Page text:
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Endless encounters with swarms of bees.
This is the cacophonic scenario we could possibly rush towards when investors pour heroic sums of money into companies developing better and better drones and their bigger cousins, vertical take-off and landing passenger vehicles. Because while the underlying technology of these machines has improved at an impressive rate, the simple fact remains that these aircraft, large or small, make a lot of noise and not much has been done to contain it. If a drone ruined your peaceful day at the beach, put your nerves up in front of 10,000 flying taxis above your head.
A startup called Whisper Aero, which is first publishing its plans, feels it is well on its way to solving this noise problem. The company was founded in mid-2020 by Mark Moore, a former NASA engineer who became an executive in the once-bustling aircraft division of Uber Technologies Inc. While Moore refuses to reveal in detail what he found out of concerns about intellectual property protection, he believes Whisper has come across a new “engine” design that will lead to consumer drones all the way up too large cars in the background noise of a city while flying.
“Half of the people think drones are cool and half are so upset,” said Moore. “You’re upset because there’s this really annoying source of noise that shouldn’t be there. It sounds like a cuisinart on the fly and it really makes people uncomfortable. If you want the public to take on the idea that more and more of these things are popping up, you can’t piss them off and you can’t scare them. “
Few, if any, would be better suited to solving such a long-standing problem in this area. Moore spent 30 years in NASA’s research groups working on cutting-edge designs for drones and electric aircraft. In 2010, he published a paper that focused on the capabilities of all-electric aircraft that can take off and land vertically, and his research helped spark interest in what are known as eVTOL machines, which are used by dozens of startups today to be tracked. In 2017, Moore joined Uber Elevate to help Uber build a huge fleet of flying vehicles that could fly over traffic.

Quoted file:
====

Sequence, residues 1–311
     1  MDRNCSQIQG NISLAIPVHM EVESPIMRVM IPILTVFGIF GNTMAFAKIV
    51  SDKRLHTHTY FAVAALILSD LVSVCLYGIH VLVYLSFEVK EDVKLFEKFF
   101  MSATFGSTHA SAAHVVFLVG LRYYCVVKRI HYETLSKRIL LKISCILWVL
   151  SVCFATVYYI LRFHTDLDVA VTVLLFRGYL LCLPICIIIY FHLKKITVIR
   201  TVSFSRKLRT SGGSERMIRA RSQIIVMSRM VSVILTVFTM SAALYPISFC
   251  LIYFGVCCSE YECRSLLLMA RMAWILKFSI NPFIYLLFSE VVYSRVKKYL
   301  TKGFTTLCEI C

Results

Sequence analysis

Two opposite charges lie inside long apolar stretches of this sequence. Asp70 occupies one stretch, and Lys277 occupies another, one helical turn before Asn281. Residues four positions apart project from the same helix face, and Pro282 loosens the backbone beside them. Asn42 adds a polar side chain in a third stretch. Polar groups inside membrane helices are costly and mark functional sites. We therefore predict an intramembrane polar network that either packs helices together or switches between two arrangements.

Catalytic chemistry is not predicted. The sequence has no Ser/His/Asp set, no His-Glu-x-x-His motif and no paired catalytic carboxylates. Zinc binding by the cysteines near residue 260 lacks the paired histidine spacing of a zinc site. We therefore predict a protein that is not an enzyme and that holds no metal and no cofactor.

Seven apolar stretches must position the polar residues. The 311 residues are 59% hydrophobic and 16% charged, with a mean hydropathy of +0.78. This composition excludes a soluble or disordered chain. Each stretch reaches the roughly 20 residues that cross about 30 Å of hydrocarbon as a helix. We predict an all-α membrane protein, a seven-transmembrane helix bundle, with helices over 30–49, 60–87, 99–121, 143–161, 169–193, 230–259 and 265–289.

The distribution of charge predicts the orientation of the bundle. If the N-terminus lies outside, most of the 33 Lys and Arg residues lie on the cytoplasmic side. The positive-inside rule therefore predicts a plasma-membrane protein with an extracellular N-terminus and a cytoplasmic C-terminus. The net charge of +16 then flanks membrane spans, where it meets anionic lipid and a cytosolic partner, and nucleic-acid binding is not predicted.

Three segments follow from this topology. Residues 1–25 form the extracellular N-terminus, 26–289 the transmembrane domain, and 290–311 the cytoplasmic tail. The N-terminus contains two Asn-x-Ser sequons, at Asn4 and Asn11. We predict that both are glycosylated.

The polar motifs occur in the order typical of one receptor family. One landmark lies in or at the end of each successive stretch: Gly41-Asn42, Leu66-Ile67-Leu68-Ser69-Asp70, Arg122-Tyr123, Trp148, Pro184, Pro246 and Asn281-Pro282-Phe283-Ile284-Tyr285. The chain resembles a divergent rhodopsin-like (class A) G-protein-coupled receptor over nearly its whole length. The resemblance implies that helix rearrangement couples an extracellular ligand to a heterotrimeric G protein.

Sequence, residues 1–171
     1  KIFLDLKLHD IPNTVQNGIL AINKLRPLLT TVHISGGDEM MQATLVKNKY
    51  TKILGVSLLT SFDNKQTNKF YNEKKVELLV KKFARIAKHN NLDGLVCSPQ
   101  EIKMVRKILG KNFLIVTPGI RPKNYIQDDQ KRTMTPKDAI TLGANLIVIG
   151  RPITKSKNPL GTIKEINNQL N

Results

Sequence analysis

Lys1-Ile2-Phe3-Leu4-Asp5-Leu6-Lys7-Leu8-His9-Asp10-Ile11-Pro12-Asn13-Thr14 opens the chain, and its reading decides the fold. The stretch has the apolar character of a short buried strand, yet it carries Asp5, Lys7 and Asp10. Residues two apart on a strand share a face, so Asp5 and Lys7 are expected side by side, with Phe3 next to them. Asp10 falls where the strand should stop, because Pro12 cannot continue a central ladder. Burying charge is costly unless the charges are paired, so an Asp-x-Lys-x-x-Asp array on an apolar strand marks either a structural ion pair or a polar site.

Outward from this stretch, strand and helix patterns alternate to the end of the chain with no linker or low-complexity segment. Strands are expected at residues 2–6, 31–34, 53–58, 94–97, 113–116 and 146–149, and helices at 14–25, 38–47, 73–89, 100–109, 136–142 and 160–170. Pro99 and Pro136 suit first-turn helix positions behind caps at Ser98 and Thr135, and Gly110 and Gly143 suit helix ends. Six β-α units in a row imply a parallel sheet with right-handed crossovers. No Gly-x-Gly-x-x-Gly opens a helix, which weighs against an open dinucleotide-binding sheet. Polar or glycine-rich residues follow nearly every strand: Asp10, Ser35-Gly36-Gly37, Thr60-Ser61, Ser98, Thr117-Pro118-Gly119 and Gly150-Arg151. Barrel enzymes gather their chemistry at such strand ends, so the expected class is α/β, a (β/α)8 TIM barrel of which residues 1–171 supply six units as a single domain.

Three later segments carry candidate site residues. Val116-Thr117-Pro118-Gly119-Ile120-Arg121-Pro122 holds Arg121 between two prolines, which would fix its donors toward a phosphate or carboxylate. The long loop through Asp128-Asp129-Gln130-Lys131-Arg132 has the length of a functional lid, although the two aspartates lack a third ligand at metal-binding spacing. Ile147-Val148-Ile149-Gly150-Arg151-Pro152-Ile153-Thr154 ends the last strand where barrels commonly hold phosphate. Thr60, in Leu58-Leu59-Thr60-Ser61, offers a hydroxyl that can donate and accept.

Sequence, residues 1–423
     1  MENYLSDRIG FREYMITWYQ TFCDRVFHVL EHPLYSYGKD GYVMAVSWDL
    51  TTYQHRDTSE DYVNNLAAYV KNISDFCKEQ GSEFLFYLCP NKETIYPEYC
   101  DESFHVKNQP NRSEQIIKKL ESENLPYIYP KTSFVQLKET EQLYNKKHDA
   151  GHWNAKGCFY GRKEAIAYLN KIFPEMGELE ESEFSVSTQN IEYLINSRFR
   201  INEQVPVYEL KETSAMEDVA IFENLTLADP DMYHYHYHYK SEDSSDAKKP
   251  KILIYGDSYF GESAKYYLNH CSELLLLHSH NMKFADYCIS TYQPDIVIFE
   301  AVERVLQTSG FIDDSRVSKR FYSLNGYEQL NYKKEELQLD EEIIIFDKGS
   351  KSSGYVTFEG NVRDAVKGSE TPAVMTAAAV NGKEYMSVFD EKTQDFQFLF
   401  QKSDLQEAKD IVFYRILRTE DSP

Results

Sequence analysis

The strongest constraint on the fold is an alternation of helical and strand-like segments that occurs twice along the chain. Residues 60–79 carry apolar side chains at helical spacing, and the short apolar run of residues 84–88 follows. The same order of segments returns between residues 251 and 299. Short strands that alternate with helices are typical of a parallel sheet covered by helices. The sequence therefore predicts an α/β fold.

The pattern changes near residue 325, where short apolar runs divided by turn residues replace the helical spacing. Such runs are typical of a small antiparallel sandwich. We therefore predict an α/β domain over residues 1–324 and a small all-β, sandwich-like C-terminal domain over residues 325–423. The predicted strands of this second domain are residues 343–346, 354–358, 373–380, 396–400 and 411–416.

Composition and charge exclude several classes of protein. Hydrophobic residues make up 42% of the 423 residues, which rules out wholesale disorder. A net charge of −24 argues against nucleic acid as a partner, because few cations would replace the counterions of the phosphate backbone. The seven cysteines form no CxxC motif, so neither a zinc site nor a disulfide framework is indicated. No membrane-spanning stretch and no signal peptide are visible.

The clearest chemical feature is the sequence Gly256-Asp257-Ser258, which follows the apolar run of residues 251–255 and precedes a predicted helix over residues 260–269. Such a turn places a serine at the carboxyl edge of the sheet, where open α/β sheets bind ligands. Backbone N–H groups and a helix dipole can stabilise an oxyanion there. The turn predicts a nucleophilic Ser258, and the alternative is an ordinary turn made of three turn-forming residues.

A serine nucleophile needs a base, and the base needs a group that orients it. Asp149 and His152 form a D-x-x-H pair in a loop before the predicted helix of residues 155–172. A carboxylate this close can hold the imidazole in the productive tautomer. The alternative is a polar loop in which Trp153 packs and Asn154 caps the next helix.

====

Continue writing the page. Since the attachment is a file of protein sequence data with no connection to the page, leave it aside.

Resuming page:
However, when the pandemic set in, Uber abandoned its science fiction plans last year and sold its Elevate technology to Joby Aviation, a Toyota-backed startup that was recently valued at $ 6.6 billion that some people consider view the most promising eVTOL contender. Rather than sticking with Joby, Moore chose to pursue ideas he’d tinkered with for five years to make quieter vehicles. He used some of his Uber money to buy a distressed resort in Crossville, Tennessee and set it up as Whisper’s remote headquarters and research and development center. “The bank made a foreclosure and I got a deal,” said Moore. “It’s 16 acres and has a lake with a nice beach and is right next to a great little airport.”
According to Moore’s count, around 400 companies are trying to manufacture eVTOL aircraft. Many of these vehicles are built by hobbyists and small teams, while a few dozen companies have been given substantial funding to really keep track of the market. Most of the early versions of these vehicles look similar. They are basically small airplanes with electric motors that run between four and twelve propellers. The big race at the moment is to build working prototypes and have the vehicles certified as flight-safe by the regulatory authorities.